Data_Sheet_1_Internal and External Factors in Heritage Language Acquisition: Evidence From Heritage Russian in Israel, Germany, Norway, Latvia and the.pdf (95.75 kB)
Download file

Data_Sheet_1_Internal and External Factors in Heritage Language Acquisition: Evidence From Heritage Russian in Israel, Germany, Norway, Latvia and the United Kingdom.pdf

Download (95.75 kB)
dataset
posted on 28.04.2020, 11:01 by Yulia Rodina, Tanja Kupisch, Natalia Meir, Natalia Mitrofanova, Olga Urek, Marit Westergaard

In this paper, we consider elicited production data (real and nonce words tasks) from five different studies on the acquisition of grammatical gender in Heritage Russian, comparing children growing up in Germany, Israel, Norway, Latvia, and the United Kingdom. The children grow up in diverse heritage language backgrounds, ranging from small groups (in Norway) to large communities (in Latvia). Furthermore, the children vary with respect to family background (one or two Russian-speaking parents) as well as the intensity of instruction in the heritage language through complementary schools. Russian has a three-gender system (masculine, feminine, and neuter) with gender cues varying in their transparency, predictability and frequency. The majority languages that these children speak differ widely with respect to the linguistic property studied: While English has no grammatical gender, Latvian and Hebrew both have two-gender systems (feminine and masculine), as well as the Oslo and Tromsø dialects of Norwegian (masculine and neuter), while German has a three-gender system, with a feminine-masculine-neuter distinction, like Russian. However, the transparency of gender assignment varies greatly, with Hebrew and Latvian having predictable gender based on the shape of the noun, like Russian, while gender assignment in Norwegian is generally arbitrary and German is semi-transparent, with gender assignment tendencies rather than rules. The focus in the paper is on language-internal and language-external factors that may be (non-)facilitative for the acquisition of gender in Russian, i.e., possible cross-linguistic influence from the majority language and the importance of background factors, such as family situation, age at start of kindergarten, size of the Russian-speaking community, current exposure to Heritage Russian instruction, and the main language of instruction. Our results show no significant differences across groups with respect to the majority language, but clear effects of background variables, with family type, age, and current exposure to Heritage Russian instruction as the most important ones.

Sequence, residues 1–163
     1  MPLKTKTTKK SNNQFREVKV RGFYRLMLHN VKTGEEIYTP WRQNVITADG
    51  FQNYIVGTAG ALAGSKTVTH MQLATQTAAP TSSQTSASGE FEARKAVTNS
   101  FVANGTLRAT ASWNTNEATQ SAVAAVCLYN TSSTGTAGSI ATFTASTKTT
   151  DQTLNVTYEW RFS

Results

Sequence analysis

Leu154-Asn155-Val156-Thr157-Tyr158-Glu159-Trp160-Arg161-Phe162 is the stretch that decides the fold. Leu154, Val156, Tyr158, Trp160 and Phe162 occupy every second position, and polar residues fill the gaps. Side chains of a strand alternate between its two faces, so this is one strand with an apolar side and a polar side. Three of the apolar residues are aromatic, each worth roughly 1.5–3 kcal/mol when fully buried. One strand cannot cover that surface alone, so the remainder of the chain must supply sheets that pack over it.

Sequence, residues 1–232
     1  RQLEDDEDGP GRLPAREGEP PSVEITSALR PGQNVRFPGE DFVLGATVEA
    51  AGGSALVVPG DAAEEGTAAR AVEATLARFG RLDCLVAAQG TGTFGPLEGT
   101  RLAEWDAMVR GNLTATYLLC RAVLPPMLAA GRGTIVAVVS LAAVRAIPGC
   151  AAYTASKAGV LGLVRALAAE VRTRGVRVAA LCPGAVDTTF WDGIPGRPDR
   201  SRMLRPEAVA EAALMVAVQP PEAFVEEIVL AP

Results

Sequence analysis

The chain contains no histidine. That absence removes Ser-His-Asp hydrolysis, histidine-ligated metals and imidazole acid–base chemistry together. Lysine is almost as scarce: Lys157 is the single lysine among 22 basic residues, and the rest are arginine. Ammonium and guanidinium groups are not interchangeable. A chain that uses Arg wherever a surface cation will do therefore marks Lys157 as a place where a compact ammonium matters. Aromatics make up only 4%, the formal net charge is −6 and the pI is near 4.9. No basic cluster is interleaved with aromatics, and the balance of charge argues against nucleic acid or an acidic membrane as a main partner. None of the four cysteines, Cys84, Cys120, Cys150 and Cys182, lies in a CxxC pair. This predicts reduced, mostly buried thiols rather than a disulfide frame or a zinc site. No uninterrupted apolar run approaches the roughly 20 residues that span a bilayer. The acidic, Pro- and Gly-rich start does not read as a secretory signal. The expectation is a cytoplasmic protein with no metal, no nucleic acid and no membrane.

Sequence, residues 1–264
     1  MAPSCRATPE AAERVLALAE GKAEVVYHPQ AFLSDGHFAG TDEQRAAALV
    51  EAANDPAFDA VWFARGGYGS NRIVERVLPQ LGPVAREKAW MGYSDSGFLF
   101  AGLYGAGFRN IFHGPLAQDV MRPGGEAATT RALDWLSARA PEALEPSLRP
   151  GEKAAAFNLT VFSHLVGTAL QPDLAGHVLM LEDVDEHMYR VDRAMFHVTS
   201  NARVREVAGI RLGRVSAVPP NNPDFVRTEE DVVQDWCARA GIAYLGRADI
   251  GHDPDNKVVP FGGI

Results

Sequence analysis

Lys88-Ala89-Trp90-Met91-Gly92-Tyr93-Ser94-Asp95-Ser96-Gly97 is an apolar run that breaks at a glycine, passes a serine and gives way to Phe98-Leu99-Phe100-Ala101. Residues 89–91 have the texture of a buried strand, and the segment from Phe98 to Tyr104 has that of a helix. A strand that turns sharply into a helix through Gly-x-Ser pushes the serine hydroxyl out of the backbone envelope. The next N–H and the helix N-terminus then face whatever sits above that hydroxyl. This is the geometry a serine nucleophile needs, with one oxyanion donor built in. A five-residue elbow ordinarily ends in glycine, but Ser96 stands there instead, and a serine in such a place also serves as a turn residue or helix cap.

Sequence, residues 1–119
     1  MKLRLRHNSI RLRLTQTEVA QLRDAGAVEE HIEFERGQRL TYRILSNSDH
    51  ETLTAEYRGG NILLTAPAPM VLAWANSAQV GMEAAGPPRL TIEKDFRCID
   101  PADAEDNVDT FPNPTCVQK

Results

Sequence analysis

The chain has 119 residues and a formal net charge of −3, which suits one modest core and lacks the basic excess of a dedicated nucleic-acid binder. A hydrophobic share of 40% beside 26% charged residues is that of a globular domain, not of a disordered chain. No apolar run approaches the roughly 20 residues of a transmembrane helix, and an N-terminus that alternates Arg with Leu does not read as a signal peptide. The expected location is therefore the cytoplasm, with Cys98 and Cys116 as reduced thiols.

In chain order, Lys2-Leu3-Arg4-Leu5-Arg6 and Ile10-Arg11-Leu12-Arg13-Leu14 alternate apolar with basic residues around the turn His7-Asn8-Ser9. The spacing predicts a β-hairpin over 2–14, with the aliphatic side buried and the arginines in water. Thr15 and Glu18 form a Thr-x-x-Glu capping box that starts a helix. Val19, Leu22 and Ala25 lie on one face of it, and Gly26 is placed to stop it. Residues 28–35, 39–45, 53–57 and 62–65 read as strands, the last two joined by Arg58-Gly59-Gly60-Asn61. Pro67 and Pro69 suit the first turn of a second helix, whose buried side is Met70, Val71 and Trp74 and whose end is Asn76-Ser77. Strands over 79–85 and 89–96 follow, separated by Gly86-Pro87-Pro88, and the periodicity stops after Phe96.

History